Radiosurgical treatment generally involve several phases. First, a three-dimensional map of the anatomical structures in the treatment area is constructed using an imaging technique, such as positron emission tomography (PET) scanning, single photon emission computed tomography (SPECT), perfusion imaging, tumor hypoxia mapping, angiogenesis mapping, blood flow mapping, cell death mapping, computed tomography (CT), or magnetic resonance imaging (MRI). Next, a treatment plan is developed to deliver a dose distribution according to the three-dimensional map. Finally, a patient is treated according to the treatment plan with an appropriate radiosurgical technique.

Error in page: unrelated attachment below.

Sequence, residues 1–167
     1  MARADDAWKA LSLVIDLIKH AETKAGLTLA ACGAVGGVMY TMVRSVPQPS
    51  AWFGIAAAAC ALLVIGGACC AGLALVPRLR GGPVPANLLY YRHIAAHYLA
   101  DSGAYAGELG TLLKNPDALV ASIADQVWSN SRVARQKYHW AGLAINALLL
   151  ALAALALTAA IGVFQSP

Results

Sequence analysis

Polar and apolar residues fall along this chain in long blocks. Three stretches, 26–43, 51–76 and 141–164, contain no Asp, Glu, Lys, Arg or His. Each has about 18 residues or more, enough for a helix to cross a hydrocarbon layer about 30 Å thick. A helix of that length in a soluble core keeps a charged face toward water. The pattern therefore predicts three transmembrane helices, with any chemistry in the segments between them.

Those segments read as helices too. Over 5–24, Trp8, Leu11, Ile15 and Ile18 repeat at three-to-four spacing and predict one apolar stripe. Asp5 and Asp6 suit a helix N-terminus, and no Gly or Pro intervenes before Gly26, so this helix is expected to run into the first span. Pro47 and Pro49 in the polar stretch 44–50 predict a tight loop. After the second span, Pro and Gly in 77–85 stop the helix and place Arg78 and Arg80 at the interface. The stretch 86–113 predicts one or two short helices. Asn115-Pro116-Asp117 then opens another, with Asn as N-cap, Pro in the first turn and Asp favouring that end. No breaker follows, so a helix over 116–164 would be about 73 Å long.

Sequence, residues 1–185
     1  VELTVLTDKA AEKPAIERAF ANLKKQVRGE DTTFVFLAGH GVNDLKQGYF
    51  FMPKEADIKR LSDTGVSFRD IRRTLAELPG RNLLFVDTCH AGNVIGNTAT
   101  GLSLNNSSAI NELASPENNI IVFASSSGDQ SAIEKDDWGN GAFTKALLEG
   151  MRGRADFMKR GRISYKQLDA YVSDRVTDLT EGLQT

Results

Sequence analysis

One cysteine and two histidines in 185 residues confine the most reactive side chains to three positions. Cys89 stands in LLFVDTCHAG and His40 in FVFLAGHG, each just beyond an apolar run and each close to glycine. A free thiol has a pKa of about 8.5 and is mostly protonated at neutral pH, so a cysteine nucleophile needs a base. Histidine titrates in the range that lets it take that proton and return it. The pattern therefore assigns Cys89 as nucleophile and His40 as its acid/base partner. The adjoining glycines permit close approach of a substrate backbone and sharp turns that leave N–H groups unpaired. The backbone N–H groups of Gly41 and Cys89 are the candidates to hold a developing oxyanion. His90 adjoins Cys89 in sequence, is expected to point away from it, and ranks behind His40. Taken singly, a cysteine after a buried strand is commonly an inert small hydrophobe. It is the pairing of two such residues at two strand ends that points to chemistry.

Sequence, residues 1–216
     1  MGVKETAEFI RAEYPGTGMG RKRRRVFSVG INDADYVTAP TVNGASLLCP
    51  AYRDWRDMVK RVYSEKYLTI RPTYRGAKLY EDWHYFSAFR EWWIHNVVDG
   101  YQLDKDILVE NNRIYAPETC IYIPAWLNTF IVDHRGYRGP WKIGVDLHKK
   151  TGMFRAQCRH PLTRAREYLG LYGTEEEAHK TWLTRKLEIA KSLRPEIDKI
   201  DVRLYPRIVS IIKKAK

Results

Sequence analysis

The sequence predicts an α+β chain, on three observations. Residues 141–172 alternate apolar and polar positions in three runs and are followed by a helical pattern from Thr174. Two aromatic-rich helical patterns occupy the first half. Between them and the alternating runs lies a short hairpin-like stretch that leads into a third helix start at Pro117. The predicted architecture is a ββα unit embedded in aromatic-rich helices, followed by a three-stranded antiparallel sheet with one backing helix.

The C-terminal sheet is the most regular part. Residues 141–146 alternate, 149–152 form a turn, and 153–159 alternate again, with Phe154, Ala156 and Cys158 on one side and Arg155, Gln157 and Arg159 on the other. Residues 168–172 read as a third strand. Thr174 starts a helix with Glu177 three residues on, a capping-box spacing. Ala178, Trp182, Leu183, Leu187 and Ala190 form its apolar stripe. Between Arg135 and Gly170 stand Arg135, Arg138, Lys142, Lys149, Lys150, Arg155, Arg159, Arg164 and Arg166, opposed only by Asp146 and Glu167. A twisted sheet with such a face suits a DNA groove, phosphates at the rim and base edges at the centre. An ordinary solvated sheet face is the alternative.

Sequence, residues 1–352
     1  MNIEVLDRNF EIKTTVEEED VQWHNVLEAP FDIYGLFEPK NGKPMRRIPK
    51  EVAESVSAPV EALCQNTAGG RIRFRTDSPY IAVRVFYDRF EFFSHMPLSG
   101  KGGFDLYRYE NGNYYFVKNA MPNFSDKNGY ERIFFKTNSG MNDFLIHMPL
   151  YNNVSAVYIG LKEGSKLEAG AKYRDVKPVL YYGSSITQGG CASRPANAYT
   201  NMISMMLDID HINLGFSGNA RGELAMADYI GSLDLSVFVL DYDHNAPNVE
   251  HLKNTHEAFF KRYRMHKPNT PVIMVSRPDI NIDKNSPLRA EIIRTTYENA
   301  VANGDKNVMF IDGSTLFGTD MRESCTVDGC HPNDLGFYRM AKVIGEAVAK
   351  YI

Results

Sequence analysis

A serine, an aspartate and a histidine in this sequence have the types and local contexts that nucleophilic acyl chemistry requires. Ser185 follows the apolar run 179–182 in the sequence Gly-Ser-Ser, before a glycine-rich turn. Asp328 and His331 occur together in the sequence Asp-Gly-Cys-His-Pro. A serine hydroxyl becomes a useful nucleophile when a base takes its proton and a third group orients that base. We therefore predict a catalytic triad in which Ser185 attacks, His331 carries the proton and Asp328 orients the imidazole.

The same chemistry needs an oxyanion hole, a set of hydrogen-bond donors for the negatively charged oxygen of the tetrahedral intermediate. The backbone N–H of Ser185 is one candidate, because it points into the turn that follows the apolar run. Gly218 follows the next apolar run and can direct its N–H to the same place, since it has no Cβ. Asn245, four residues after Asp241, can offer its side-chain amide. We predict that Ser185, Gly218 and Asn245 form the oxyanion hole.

In accordance with presently used technology, irradiating a particular target area of a patient, such as a tumor, is planned with computer assistance, and then performed on the basis of the planning, using computer-guided irradiation devices. Generally, imaging methods, such as computer tomography or nuclear spin tomography, are used to determine the outer contours of the region to be irradiated, such as an outer contour in most cases being marked on the tomographic images obtained. An irradiation target determined in this way is generally irradiated as homogeneously as possible in accordance with conventional irradiation technology, wherein it is, in principle, unimportant whether the planning performed beforehand is performed inversely or conventionally.